The electorate has spoken but Turnbull's CEDA speech shows he hasn't listened

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Malcolm Turnbull just doesn't get it. This week his first speech since the election hammered home the same policies with no acknowledgement he'd lost his mandate.  was there.

PRIME MINISTER Malcolm Turnbull’s first major economic address since the July 2 federal election was, in most respects, the kind of speech one might have expected from a leader who had won with a comfortable margin.

He sounded like a prime minister whose campaign agenda had won widespread support, and who had been rewarded with a significantly increased parliamentary majority.

In reality, he has more in common with the Bahamas’ Shaunae Miller, the runner who only just fell across the line to win her race at the Rio Olympics. Turnbull won, but only just, and his election result leaves him with diminished authority both within his own party and within the parliament.

To be sure, Turnbull acknowledged that:

… the times in which we live are ones of economic change unprecedented in both its scale and pace

and this brings hardship. He noted that:

While we recognise that these times offer extraordinary opportunities for Australians, the changes they bring with them will not always be welcome … We cannot assume that the rising tide of economic growth will lift all boats – we have to make sure that it does.

But there was no tangible signal that, as a result of having recognised these things and having reflected on them in the weeks since the result of the election became clear, the prime minister and his government have heard the message from the electorate. There was no clear sign he intends to do anything different, or differently, from what they proposed beforehand.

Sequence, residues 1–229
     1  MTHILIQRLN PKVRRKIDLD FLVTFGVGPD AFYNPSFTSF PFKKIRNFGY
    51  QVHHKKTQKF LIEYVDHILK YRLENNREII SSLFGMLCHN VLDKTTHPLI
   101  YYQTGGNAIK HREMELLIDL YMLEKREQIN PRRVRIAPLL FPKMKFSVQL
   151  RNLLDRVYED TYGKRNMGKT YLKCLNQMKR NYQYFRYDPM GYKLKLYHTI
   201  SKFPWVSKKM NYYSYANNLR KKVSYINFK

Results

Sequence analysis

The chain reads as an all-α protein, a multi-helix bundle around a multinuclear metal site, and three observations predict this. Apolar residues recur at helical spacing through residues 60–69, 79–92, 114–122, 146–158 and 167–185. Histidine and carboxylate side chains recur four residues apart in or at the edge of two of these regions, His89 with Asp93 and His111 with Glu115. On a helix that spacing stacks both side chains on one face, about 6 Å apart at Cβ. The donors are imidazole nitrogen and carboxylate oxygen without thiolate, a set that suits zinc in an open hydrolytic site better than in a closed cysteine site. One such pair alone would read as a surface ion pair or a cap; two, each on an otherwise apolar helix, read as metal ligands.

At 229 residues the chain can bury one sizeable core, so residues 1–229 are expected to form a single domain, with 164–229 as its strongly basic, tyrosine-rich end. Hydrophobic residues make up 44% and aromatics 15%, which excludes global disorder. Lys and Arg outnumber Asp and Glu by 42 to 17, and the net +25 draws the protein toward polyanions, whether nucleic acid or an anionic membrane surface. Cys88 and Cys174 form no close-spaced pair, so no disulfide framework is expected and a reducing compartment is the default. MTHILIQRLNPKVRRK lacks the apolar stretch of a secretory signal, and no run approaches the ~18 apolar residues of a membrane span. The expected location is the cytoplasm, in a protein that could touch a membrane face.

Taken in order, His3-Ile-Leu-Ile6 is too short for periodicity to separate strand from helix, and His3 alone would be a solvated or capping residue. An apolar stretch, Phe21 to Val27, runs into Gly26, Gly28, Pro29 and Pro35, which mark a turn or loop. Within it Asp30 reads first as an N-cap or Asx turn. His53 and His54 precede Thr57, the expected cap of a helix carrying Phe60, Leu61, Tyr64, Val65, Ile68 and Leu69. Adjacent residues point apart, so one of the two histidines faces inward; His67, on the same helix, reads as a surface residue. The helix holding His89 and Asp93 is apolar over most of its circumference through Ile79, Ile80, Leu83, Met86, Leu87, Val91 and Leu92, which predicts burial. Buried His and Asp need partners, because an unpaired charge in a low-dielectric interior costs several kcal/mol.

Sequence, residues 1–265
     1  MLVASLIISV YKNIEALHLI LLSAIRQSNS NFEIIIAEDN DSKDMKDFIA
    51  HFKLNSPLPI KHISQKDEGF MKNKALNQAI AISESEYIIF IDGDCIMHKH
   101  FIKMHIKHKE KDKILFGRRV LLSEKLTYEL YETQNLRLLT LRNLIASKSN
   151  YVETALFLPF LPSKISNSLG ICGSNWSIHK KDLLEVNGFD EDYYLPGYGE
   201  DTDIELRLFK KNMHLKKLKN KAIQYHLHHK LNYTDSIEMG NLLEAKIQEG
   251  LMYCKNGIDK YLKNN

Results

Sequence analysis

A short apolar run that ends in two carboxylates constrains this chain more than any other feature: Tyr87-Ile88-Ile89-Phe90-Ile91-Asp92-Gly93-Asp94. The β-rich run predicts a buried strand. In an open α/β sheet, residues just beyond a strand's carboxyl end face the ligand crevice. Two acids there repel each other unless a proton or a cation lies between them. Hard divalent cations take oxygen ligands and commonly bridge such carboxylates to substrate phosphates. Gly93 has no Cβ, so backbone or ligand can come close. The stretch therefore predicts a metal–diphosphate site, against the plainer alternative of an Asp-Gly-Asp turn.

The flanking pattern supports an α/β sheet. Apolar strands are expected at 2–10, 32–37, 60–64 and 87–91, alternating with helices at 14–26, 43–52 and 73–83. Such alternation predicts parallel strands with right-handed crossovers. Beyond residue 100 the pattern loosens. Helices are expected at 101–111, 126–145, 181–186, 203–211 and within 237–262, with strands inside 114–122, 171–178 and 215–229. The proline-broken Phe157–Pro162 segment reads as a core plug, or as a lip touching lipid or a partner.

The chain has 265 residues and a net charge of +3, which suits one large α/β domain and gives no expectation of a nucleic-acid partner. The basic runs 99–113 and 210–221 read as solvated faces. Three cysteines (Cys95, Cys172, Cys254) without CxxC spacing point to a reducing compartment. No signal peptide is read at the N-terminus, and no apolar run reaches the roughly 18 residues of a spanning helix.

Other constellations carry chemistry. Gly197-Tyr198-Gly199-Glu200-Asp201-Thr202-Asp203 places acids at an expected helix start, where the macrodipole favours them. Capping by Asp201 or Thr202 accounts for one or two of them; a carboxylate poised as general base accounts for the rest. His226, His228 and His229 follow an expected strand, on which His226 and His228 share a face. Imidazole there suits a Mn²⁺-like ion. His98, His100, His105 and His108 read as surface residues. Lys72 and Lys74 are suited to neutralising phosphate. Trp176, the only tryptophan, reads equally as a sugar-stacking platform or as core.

Rather, Turnbull expects others to change. He wants the Labor opposition and the crossbenchers in the Senate to move away from the positions they took to the voters at last month’s election.

It makes sense for Turnbull to seek to capitalise on Labor’s belated willingness to accept some of the savings measures from the 2014 budget, which it had opposed up until the last two weeks of the election campaign.

Turnbull said that:

In the upcoming sittings, we will introduce an omnibus bill that puts together all the government’s savings measures that we understand from the election campaign the ALP is prepared to support.

Labor ought to support this omnibus bill, but if the budget repair task is as important as Turnbull said it was, and if he is truly ready to “reach across the aisle” in pursuit of “fiscal rationality”, he should be willing to take up some of Labor’s pre-election budget repair proposals too.

Labor’s proposal to reduce the capital gains tax discount (which even the Property Council of Australia is open to changing) could make the ideal starting point.

Turnbull signalled an undiminished determination to enact the ten-year program of reductions in the company tax rate, which was the centrepiece of the Coalition’s plan for “jobs and growth”.